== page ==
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Ethiopia Military
 
 
 

General

The Ethiopian National Defence Force (ENDF) is one of the largest military forces in Africa along with Egypt and Morocco, 29th largest in the world.

Civil direction of the military is carried out through the Ministry of Defence. The MOD is the Ethiopian government ministry which oversees the ground, and air as well as military industry.

ENDF force sizes have recently varied considerably in light of the end of the war with Eritrea in 2000. In January 2007, during the war in Somalia, Ethiopian forces were said to be about 200,000 troops. This is down from the 252,000 estimated troops in 2002, which was roughly the same number maintained during the Derg regime that fell to the rebel forces in 1991. Since the early 1990s, the ENDF has been in transition from a rebel force to a professional military organisation with the aid of the United States and other countries. Training in de-mining, humanitarian and peace-keeping operations, professional military education, and military justice are among the major programs sponsored by the US.

The ENDF consists of the four branches Ground Forces, Air Force, Police and Militia. Being a landlocked country, Ethiopia today has no navy. However, Ethiopia acquired a coastline on the Red Sea in 1950 and created a navy in 1955. It operated until Eritrea's independence in 1991 left Ethiopia landlocked again.

The modern ENDF has a wide mix of equipment. Many of its major weapons systems stem from the Communist era and are of Soviet and Eastern bloc design.

The US was Ethiopia's major arms supplier from the end of World War II until 1977, when Ethiopia began receiving massive arms shipments from the Soviet Union. These shipments, including armoured patrol boats, transport and jet fighter aircraft, helicopters, tanks, trucks, missiles, artillery and small arms have incurred an unserviced Ethiopian debt to the former Soviet Union estimated at more than $3.5 billion.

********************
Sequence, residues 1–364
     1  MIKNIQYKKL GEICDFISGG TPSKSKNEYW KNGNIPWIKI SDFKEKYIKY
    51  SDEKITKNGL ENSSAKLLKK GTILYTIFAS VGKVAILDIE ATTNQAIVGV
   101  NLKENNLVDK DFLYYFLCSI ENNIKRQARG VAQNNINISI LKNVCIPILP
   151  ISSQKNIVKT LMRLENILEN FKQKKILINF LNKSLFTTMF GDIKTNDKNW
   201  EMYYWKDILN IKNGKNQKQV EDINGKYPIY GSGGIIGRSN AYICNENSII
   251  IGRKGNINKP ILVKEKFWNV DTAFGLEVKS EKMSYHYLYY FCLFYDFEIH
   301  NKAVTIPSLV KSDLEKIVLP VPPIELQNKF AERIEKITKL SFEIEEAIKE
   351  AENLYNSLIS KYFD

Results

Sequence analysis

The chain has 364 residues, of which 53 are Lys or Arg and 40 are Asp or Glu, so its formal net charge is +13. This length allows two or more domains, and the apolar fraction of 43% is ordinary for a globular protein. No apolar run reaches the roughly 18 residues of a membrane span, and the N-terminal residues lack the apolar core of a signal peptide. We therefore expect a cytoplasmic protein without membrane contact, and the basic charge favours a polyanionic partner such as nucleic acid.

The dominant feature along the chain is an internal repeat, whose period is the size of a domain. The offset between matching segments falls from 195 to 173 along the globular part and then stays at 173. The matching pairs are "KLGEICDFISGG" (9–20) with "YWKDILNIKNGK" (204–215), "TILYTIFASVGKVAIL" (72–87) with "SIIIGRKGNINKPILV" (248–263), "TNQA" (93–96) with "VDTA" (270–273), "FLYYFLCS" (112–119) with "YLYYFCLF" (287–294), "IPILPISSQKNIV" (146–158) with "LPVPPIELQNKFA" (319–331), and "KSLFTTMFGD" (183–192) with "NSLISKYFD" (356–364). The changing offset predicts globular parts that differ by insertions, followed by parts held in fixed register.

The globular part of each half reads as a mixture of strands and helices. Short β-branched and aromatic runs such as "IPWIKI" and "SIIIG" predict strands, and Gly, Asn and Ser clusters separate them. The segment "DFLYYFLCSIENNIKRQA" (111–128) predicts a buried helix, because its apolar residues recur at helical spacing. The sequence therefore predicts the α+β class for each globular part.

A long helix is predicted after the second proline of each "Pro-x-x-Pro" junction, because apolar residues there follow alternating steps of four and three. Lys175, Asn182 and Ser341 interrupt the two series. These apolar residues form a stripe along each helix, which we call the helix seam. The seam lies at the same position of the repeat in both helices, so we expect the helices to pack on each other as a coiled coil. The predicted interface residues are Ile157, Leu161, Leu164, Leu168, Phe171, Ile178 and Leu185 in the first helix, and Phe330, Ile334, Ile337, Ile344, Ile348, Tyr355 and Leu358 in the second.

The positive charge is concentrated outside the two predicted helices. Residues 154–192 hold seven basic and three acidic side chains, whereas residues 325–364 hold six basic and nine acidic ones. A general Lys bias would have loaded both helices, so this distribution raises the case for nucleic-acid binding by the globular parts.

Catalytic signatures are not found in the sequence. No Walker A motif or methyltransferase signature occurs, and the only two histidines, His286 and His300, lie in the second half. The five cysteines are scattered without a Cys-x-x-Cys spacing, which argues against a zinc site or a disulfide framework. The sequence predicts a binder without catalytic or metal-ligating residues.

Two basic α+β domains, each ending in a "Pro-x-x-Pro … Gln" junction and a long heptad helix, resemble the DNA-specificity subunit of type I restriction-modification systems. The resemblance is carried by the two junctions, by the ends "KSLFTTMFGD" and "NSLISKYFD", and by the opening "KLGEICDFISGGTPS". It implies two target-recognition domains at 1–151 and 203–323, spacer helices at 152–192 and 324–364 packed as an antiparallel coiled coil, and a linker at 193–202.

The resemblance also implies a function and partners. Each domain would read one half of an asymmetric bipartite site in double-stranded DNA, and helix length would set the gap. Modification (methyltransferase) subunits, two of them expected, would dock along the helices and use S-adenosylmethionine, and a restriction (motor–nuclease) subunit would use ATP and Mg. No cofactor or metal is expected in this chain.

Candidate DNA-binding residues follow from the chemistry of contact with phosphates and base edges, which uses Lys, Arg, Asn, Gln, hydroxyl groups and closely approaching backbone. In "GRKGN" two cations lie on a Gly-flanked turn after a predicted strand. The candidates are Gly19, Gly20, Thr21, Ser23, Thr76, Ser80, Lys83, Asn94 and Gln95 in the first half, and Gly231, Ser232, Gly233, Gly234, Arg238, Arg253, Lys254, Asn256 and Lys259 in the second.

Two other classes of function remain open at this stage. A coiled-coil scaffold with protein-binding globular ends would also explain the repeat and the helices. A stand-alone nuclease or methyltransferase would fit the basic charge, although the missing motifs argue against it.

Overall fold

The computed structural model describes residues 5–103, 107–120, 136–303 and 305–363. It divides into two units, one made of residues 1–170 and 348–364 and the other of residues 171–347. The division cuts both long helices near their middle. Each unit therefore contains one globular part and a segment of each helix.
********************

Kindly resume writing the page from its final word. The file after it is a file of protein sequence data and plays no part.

Ethiopia has a several defence organisations that produce and overhaul different weapons systems. Most of these were built under the Derg regime which had plans for a large military industrial complex.

Ethiopia has served in various United Nations and African Union peacekeeping missions. Thousands of Ethiopian peacekeepers are involved in the joint AU/UN Hybrid operation in Darfur, western Sudan. The Security Council authorised a UNAMID force of about 26,000 uniformed personnel. Ethiopian troops were also deployed in a peacekeeping mission at the Burundi border.

Overview

Military branches
Ethiopian National Defence Force (ENDF) Ground Forces, Ethiopian Air Force (ETAF) (2008)
note Ethiopia is landlocked and has no navy; following the secession of Eritrea, Ethiopian naval facilities remained in Eritrean possession

Military service age and obligation
18 years of age for compulsory and voluntary military service; theoretically, no compulsory military service, but the military can conduct call-ups when necessary and compliance is compulsory (2008)

Manpower available for military service
males age 16-49 17,666,967
females age 16-49 17,530,211 (2008 est.)

Manpower fit for military service
males age 16-49 11,078,847
females age 16-49 12,017,073 (2009 est.)

Manpower reaching militarily significant age annually
male 908,384
female 916,354 (2009 est.)

Military expenditures
3% of GDP (2006)

 

 
 

 



 


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